Scott's life motto: "Your attitude is your altitude."
My name is Scott and I’m 55 years young.
I’m originally from Dayton; the youngest of six kids. My mom was an alcoholic and I was raised by a foster family. I remember my mom regularly showing up and causing disputes with my foster parents.
I enlisted in the US Army right after high school and got out after serving two years. And, at the time I left, I thought I was a man. But, I really wasn’t. I was only 21.
The next 20 some years were full of decent jobs, but my life was also filled with drugs and alcohol.
I didn’t realize addiction already had its grip on me.
I remember staying with my brother and then losing my job. He made me sleep outside on his front porch. I guess it was his idea of tough love.
My family and friends wanted me to stand up on my own two feet.
But I needed help. I just wasn’t ready to ask for it.
My addiction was out of control. I had burned all bridges. I was fearing for my life. I knew I needed new scenery.
I borrowed my childhood friend’s bike. I told him I would bring it back, but I knew that was a lie. It was a late afternoon in June when I started my journey. On a bike.
I didn’t know where I was going.
I kind of recall stopping one time to rest for a few hours in a restaurant.
I got back on my bike and rode overnight over 70 miles. And, as the sun was coming up, I was pulled over by the highway patrol. They bought me breakfast and gave me five dollars. I told them I was a Veteran and looking for help.
Much of the whole bike ride was a blur. I remember looking at cornfields and then ending up on Broad Street. I stopped people on the sidewalk to ask questions along the way and low and behold there was Volunteers of America. I think it was divine intervention that led me here. I stopped in looking for a place to sleep overnight and a case manager told me this was a program for homeless veterans.
They provided me with a meal and a safe place to stay. I was finally getting the support that I needed.
I left Volunteers of America and for the next six years I was clean and sober. I had my own apartment and a good job working at a local hospital.
I gave them the best that I had. My unit was always the cleanest. I was proud of that.
Well, I ended up working so much, I overloaded myself. I volunteered for over time and never took vacation or sick time. That’s when I started making mistakes.
And, they let me go.
I was devastated. And, I relapsed.
So, I continued this cycle of getting clean for a few months, even longer, landing a job, then relapsing, losing my job, and then back on the streets.
They say relapse is part of recovery and I am living proof of this. But it takes a toll on you physically, mentally and spiritually.
Some people know how to bounce back and some people don’t.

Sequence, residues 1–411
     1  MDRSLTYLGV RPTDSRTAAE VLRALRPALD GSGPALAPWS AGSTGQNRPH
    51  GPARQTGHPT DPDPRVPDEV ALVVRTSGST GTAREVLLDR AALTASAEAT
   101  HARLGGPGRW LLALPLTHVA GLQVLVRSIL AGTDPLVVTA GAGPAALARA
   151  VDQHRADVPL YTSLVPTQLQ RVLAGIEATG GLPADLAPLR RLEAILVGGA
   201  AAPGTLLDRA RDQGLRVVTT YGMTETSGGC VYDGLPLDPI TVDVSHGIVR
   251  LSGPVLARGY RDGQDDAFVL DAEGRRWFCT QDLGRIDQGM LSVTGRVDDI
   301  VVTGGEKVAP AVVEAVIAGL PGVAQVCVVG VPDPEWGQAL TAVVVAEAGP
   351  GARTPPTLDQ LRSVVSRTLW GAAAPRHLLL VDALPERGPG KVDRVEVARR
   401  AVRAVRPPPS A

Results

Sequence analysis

I went back to Volunteers of America and attended the veterans programs. They helped me put together my resume and helped me get a job.
I worked at a Volunteers of America thrift store to help me transition back into the workforce. I took pride in telling customers that their donations go further than just this store. They help homeless veterans like me.
I was doing well, on my own and making money, but it only lasted about eight months.
The next thing I knew, I was living in a bed of a truck next to a church. I continued to work and was going to bible study on Wednesdays and church on Thursdays and Sundays. I was holding on to my faith. I needed the peace and quiet and enjoyed the animals, bugs and birds around me.
I started to go to meetings and my counselor convinced me to come clean with my boss. I don’t know why I agreed. Maybe God had a hand in it.
What happened in her office was a miracle. I didn’t know her that well, but I knew she was a nice lady.
I explained to her that I had a drug and alcohol problem and that I was living outside. It was the hardest thing I had to reveal.
I fully expected her to say, “Scott, we just can’t have this kind of behavior here.”
But instead, I remember her saying, “Scott, you’re the only person who has ever come clean with me like this before.” She then told me that she had lost her daughter to addiction. That blew me away. At that moment, I broke. I was crying. She was crying.
I relapsed. But, I kept my job.
She said, “Take all the time you need to get better. Because we need you here.” I still feel the love and compassion from that day. They are holding a job for little old me.
And, I wonder if I deserve it?
But, The Lord gave me a new perspective. I’m keeping it and running with it. The Lord gave me another chance to come back to Volunteers of America. And, I appreciate it.
And, this time is different.
I am ready.
I am clean and sober.
Today, I am on a path of recovery. I have hope and I have support.
I am committed to my sobriety by working on changing my behavior.
I haven’t missed a treatment meeting.
I am working to get myself well so I can get back to work and better manage my feelings of fear, insecurity and stress.
I finally feel deserving of help.
Just like they believe in the young guys in the video, they believe in me. I am grateful that Volunteers of America never gave up on me.
With your support, we can help veterans like Scott continue their journey towards restoration.